5. Employ the exponential series to prove that $$e^{x}$$ tends to infinity more rapidly than any power of $$x$$. [Use the inequality $$e^{x} > x^{n}/n!$$.]

6. Show that $$e$$ is not a rational number. [If $$e = p/q$$, where $$p$$ and $$q$$ are integers, we must have $\frac{p}{q} = {1 + {}} 1 + \frac{1}{2!}+\frac{1}{3!} + \dots + \frac{1}{q!} + \dots$ or, multiplying up by $$q!$$, $q! \left(\frac{p}{q} – 1 – 1 – \frac{1}{2!} – \dots – \frac{1}{q!}\right) = \frac{1}{q + 1} + \frac{1}{(q + 1)(q + 2)} + \dots$ and this is absurd, since the left-hand side is integral, and the right-hand side less than $$\{1/(q + 1)\} + \{1/(q + 1)\}^{2} + \dots = 1/q$$.]

7. Sum the series $$\sum\limits_{0}^{\infty} P_{r}(n)\dfrac{x^{n}}{n!}$$, where $$P_{r}(n)$$ is a polynomial of degree $$r$$ in $$n$$. [We can express $$P_{r}(n)$$ in the form $A_{0} + A_{1}n + A_{2}n(n – 1) + \dots + A_{r}n(n – 1) \dots (n – r + 1),$ and \begin{aligned} \sum_{0}^{\infty} P_{r}(n) \frac{x^{n}}{n!} &= A_{0}\sum_{0}^{\infty}\frac{x^{n}}{n!} + A_{1}\sum_{1}^{\infty}\frac{x^{n}}{(n – 1)!} + \dots + A_{r}\sum_{r}^{\infty}\frac{x^{n}}{(n – r)!}\\ &= (A_{0} + A_{1}x + A_{2}x^{2} + \dots + A_{r}x^{r})e^{x}.]\end{aligned}

8. Show that $\sum_{1}^{\infty} \frac{n^{3}}{n!} x^{n} = (x + 3x^{2} + x^{3})e^{x},\quad \sum_{1}^{\infty} \frac{n^{4}}{n!} x^{n} = (x + 7x^{2} + 6x^{3} + x^{4})e^{x};$ and that if $$S_{n} = 1^{3} + 2^{3} + \dots + n^{3}$$ then $\sum_{1}^{\infty} S_{n}\frac{x^{n}}{n!} = \tfrac{1}{4}(4x + 14x^{2} + 8x^{3} + x^{4})e^{x}.$ In particular the last series is equal to zero when $$x = -2$$.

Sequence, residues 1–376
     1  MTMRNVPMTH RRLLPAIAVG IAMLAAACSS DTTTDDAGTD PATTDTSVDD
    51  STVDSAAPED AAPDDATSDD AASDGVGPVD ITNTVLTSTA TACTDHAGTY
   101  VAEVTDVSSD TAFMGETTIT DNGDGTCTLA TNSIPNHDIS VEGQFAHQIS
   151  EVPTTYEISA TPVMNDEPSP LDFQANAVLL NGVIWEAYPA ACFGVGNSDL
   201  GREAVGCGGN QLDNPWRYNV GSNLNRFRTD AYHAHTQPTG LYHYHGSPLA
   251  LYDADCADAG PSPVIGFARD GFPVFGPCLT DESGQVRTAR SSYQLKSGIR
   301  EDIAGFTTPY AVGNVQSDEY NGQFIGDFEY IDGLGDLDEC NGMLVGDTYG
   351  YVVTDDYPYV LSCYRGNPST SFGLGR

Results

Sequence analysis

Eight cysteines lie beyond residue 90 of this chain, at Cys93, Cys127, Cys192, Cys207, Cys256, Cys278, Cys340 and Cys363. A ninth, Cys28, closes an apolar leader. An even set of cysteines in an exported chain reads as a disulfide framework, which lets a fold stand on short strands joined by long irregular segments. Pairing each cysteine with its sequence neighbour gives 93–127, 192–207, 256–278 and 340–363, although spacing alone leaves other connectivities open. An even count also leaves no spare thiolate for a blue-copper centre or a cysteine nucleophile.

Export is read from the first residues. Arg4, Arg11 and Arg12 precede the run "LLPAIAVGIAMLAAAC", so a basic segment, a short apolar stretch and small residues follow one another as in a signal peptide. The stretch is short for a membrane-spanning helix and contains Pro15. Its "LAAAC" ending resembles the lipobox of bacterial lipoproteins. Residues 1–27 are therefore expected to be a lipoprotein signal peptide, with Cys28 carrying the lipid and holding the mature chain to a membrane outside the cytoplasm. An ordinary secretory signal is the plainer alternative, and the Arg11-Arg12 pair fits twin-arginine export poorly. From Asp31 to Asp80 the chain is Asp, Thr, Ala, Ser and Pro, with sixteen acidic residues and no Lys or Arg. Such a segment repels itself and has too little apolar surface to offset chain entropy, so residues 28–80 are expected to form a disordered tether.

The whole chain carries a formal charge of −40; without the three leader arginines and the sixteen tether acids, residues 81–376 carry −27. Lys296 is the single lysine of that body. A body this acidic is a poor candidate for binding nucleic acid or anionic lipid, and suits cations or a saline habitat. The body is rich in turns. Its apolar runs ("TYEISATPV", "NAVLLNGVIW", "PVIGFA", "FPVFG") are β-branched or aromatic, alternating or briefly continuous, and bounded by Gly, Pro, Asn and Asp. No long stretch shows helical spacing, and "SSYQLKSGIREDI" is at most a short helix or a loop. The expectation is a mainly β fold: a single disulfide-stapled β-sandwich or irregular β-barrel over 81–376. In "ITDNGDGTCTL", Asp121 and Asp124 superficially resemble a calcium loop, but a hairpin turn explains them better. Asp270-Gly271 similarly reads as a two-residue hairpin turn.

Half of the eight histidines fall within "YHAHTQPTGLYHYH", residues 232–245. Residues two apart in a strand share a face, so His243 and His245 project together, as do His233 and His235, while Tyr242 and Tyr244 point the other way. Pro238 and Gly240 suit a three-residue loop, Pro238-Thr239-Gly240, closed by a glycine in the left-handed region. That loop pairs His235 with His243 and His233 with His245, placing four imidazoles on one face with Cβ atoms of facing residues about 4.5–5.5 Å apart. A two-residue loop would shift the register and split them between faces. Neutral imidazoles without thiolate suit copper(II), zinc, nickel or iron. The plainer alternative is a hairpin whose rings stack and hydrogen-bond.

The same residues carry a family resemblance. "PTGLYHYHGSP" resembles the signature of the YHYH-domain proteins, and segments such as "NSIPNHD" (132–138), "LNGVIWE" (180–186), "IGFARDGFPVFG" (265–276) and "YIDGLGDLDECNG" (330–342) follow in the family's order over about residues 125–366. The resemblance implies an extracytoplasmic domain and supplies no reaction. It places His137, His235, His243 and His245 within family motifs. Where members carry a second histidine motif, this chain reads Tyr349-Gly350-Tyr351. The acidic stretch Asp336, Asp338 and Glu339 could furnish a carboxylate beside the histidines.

9. Prove that $$\sum (n/n!) = e$$, $$\sum (n^{2}/n!) = 2e$$, $$\sum (n^{3}/n!) = 5e$$, and that $$\sum (n^{k}/n!)$$, where $$k$$ is any positive integer, is a positive integral multiple of $$e$$.

10. Prove that $$\sum\limits_{1}^{\infty} \dfrac{(n – 1)x^{n}}{(n + 2)n!} = \left\{(x^{2} – 3x + 3)e^{x} + \frac{1}{2}x^{2} – 3\right\}/x^{2}$$.

[Multiply numerator and denominator by $$n + 1$$, and proceed as in Ex. 7.]

11. Determine $$a$$, $$b$$, $$c$$ so that $$\{(x + a)e^{x} + (bx + c)\}/x^{3}$$ tends to a limit as $$x \to 0$$, evaluate the limit, and draw the graph of the function $$e^{x} + \dfrac{bx + c}{x + a}$$.

12. Draw the graphs of $$1 + x$$, $$1 + x + \frac{1}{2}x^{2}$$, $$1 + x + \frac{1}{2}x^{2} + \frac{1}{6}x^{3}$$, and compare them with that of $$e^{x}$$.

13. Prove that $$e^{-x} – 1 + x – \dfrac{x^{n}}{2!} + \dots – (-1)^{n}\dfrac{x^{n}}{n!}$$ is positive or negative according as $$n$$ is odd or even. Deduce the exponential theorem.

14. If $X_{0} = e^{x},\quad X_{1} = e^{x} – 1,\quad X_{2} = e^{x} – 1 – x,\quad X_{3} = e^{x} – 1 – x – (x^{2}/2!),\ \dots,$ then $$dX_{\nu}/dx = X_{\nu-1}$$. Hence prove that if $$t > 0$$ then $X_{1}(t) = \int_{0}^{t} X_{0}\, dx < te^{t},\quad X_{2}(t) = \int_{0}^{t} X_{1}\, dx < \int_{0}^{t} xe^{x}\, dx < e^{t} \int_{0}^{t} x\, dx = \frac{t^{2}}{2!} e^{t},$ and generally $$X_{\nu}(t) < \dfrac{t^{\nu}}{\nu!} e^{t}$$. Deduce the exponential theorem.

15. Show that the expansion in powers of $$p$$ of the positive root of $$x^{2+p} = a^{2}$$ begins with the terms $a\{1 – \tfrac{1}{2} p\log a + \tfrac{1}{8} p^{2}\log a (2 + \log a)\}.$